There are several recognised brands - Asics, Reebok, Nike, Etonic, Adidas, Dunlop, New Balance, Saucony, Tiger, Puma, Laser.

Shoes in any of these brands should be okay. The most expensive shoes are not necessarily better than the cheaper shoes. Many of the more expensive ones are designed for 80kg marathon runners who need a lot of support to aborb the constant pounding.

For cross country racing the best shoes to get, if you can afford them, are ones with a waffle sole as the waffle studs grip the grass and stop you slipping.

When you have had your training shoes for a long while, you will notice a lot of wear in certain spots on the sole, especially the side of the heel. This can cause injuries because the excess wear means that when you put each foot down it starts to roll to one side a little. You should either get a new pair of shoes or repair your shoes with shoe glue to build up the worn down area or replacing the worn down area with a piece of rubber. This can be done fairly cheaply by a boot maker. If you start to get pain in any of your joints, check out the wear on your shoes.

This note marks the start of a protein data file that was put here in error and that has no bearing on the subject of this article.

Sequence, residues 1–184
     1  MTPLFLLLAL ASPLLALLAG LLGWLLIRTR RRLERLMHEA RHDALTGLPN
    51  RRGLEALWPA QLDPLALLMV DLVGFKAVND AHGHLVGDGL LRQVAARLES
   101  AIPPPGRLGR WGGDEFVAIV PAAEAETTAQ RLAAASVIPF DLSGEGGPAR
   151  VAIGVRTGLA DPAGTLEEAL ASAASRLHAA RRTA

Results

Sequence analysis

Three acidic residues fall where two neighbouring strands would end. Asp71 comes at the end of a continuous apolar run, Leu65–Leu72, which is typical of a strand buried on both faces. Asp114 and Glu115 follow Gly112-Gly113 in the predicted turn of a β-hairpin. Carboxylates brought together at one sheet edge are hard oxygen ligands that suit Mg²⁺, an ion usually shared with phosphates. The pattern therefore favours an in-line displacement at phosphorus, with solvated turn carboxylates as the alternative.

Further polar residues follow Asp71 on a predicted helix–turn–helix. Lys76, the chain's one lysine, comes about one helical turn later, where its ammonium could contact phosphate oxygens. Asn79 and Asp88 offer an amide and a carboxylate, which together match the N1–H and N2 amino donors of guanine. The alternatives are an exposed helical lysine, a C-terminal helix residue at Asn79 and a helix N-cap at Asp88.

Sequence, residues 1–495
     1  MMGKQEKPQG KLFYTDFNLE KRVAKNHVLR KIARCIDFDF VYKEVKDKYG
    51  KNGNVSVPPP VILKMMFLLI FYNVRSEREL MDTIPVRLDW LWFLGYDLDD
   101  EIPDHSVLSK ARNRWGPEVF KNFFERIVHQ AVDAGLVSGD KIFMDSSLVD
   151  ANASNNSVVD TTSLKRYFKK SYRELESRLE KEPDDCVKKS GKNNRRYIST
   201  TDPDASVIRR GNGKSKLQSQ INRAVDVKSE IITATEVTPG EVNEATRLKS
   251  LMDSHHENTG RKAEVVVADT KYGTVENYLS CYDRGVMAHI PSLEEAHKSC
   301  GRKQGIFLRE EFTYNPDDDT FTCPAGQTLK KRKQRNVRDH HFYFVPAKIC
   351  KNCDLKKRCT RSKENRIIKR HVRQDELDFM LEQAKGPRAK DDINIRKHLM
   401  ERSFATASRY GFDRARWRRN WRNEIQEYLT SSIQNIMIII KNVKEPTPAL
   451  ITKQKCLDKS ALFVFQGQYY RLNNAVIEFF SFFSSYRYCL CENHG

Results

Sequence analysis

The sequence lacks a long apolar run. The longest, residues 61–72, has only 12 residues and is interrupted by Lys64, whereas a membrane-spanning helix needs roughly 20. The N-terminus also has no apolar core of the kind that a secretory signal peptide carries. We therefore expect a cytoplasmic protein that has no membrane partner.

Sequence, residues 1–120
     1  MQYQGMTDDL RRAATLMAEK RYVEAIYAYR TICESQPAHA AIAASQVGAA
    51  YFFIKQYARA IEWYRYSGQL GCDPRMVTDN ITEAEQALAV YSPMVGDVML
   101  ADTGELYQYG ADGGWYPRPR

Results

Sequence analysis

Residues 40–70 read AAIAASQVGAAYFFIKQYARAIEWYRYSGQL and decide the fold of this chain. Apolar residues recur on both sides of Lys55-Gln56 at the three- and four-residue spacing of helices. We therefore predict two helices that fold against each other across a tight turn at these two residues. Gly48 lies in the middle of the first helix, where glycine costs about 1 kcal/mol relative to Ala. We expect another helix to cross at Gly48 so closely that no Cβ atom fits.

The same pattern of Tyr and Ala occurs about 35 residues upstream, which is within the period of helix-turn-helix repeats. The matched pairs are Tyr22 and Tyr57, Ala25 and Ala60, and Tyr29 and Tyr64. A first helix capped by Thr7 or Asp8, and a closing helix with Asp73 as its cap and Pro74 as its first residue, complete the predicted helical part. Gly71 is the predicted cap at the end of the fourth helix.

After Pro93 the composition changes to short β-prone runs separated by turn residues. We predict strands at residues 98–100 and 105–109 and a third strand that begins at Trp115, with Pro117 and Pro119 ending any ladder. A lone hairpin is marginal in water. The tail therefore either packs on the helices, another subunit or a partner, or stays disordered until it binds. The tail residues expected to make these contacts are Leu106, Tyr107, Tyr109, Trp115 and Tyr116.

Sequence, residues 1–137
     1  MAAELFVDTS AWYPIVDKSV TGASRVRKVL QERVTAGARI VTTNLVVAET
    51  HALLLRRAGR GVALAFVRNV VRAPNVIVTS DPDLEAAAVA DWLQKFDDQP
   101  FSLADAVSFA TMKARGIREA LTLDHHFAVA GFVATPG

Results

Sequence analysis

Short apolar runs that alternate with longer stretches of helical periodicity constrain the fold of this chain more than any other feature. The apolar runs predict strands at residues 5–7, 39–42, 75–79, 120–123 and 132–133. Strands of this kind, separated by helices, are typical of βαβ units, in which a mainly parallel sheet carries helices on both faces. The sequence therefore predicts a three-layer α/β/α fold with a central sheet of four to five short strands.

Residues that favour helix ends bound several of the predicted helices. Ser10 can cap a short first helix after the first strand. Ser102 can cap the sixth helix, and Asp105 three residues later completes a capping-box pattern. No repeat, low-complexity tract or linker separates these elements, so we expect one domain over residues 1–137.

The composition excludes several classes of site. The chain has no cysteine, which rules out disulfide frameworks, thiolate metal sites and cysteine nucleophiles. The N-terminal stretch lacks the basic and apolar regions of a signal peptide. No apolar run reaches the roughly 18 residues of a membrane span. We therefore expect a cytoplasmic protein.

b. Singlet. The body cools itself by perspiring. There is a much better cooling effect if you wear a singlet when raining than if you wear a t-shirt.

c. Gloves. Keep your hands warm with a pair of gloves or mittens when running in the middle of winter. A beanie or ear muffs can help keep your ears warm if necessary.

d. Shorts. Buy a light pair of cotton shorts that fit comfortably and do not rub against the inside of your legs when running. If rubbing becomes a problem, put some vaseline on your legs before running.